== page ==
Moreover, the high cost of fuel prices associated with the transportation of food items and inputs are exacerbating the food price crisis. In Belize, for example, the cost of a 50kg bag of Urea increased by 117%, glyphosate by 115%.  Land freight between its neighbors Mexico and Guatemala also increased between 60-80 % and sea freight cost increased by over 70%. The Government of Grenada in an effort to ease cost of living of its people this week announced that it intends to cap freight rates at the 2019 level for 6 months beginning October 2022 and has called on the business community to do the right thing and pass on the saving to consumers and end users of imported goods and products.

In the same token the Grenada Prime Minister Mitchell also announced that the Ministry of Finance will seek to remove the gas and diesel cap in effect from December 2021 and remove that 25% reduction in non-fuel charges on electricity bills. T&T Finance Minister Colm Imbert also has announced that the government is looking at capping the fuel subsidy at TT$1 billion dollars, which is 54.1% of the TT$2.18 billion projected for 2023’s subsidy. While governments are aware of inflation and making every effort to keep prices low, the reality is that the government purse can only sustain a certain amount of foregone revenue and subsidy for its country to survive.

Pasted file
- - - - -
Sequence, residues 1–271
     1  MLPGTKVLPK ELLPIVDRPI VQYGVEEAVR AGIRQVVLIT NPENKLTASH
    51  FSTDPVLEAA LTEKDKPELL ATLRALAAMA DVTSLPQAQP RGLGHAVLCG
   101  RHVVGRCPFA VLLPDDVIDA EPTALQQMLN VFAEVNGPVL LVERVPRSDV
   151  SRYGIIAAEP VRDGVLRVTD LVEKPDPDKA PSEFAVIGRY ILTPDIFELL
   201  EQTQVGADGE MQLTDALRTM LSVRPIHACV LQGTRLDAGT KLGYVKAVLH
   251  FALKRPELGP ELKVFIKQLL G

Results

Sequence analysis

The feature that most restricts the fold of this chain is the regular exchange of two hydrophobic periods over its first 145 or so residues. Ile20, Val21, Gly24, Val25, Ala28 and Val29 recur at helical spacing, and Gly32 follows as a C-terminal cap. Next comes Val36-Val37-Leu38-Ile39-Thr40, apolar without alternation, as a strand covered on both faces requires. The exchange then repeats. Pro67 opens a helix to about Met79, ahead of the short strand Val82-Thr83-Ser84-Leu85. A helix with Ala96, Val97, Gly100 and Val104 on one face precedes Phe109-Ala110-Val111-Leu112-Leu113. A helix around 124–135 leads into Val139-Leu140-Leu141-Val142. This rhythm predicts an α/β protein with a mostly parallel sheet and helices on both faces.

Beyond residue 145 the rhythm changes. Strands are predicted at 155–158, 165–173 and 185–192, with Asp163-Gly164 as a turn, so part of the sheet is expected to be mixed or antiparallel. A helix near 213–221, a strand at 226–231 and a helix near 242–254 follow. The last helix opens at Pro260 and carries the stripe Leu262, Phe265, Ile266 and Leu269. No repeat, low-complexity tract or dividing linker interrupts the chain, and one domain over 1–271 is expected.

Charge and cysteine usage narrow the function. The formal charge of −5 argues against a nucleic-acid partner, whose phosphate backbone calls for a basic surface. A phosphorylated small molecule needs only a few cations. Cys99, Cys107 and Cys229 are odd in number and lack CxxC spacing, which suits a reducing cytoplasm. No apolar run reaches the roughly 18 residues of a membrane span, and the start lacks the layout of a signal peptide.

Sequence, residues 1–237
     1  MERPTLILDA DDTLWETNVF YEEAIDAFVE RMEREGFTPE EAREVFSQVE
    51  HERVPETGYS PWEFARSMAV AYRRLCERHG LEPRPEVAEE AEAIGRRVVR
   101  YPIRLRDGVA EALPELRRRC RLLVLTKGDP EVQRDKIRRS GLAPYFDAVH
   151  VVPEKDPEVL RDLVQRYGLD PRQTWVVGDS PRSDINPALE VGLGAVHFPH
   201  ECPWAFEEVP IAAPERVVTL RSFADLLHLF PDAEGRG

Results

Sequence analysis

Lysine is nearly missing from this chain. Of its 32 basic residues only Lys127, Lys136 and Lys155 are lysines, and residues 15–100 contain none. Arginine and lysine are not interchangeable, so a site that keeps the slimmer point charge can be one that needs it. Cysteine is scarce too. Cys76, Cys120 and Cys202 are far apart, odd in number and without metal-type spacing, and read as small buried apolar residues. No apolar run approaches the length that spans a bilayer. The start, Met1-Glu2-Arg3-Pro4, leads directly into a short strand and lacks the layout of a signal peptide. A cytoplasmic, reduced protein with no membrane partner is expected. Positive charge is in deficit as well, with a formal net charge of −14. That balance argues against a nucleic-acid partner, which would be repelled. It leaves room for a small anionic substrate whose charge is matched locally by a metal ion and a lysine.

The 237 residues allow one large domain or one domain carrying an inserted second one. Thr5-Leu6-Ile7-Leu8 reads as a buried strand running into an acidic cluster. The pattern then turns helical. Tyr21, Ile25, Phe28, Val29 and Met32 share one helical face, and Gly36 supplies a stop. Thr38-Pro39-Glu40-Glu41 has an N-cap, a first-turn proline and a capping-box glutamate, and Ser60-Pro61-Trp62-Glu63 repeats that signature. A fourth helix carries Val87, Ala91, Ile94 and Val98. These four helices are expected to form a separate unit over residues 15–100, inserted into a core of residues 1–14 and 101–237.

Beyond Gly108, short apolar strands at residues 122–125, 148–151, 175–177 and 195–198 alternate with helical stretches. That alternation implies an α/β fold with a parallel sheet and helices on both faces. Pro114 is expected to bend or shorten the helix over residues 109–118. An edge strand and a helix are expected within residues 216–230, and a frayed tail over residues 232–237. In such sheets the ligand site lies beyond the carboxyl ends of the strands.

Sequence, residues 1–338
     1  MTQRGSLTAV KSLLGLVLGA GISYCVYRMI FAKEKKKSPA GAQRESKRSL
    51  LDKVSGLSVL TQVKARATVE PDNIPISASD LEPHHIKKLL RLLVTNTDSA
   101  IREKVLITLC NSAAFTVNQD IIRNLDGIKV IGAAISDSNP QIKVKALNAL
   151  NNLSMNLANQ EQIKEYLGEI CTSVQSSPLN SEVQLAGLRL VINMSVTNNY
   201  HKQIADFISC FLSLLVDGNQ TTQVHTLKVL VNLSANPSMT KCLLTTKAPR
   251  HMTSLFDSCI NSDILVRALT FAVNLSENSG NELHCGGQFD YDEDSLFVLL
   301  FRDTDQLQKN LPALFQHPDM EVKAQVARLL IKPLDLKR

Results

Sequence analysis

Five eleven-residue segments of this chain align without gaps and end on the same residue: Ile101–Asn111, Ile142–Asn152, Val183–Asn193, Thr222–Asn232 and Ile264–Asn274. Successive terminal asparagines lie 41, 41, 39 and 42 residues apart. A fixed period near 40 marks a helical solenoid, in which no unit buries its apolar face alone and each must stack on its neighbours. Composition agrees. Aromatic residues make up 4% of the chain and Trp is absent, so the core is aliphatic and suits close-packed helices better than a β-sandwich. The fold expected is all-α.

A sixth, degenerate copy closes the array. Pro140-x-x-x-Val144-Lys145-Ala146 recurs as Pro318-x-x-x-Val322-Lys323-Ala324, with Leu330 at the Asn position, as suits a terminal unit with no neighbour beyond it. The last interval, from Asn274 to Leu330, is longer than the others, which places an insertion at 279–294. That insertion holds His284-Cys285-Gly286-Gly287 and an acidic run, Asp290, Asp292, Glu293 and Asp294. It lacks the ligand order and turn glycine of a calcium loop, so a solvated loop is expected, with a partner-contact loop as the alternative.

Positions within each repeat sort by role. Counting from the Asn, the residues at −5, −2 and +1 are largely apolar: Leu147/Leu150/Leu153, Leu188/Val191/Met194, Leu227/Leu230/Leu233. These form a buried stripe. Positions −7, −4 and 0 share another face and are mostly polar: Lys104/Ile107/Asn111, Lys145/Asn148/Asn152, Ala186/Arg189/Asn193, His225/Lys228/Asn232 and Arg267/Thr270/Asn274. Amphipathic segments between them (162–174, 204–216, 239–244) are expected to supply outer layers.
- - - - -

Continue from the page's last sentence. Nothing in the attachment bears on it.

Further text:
The Survey results to be presented today along with the realities highlighted simply cement the need for the region to reinvigorate its efforts and engage in new solutions to help the vulnerable groups and those living in poverty within the region. It emphasizes the necessity for further urgent collective action and support in addressing Regional Food and Nutrition Security.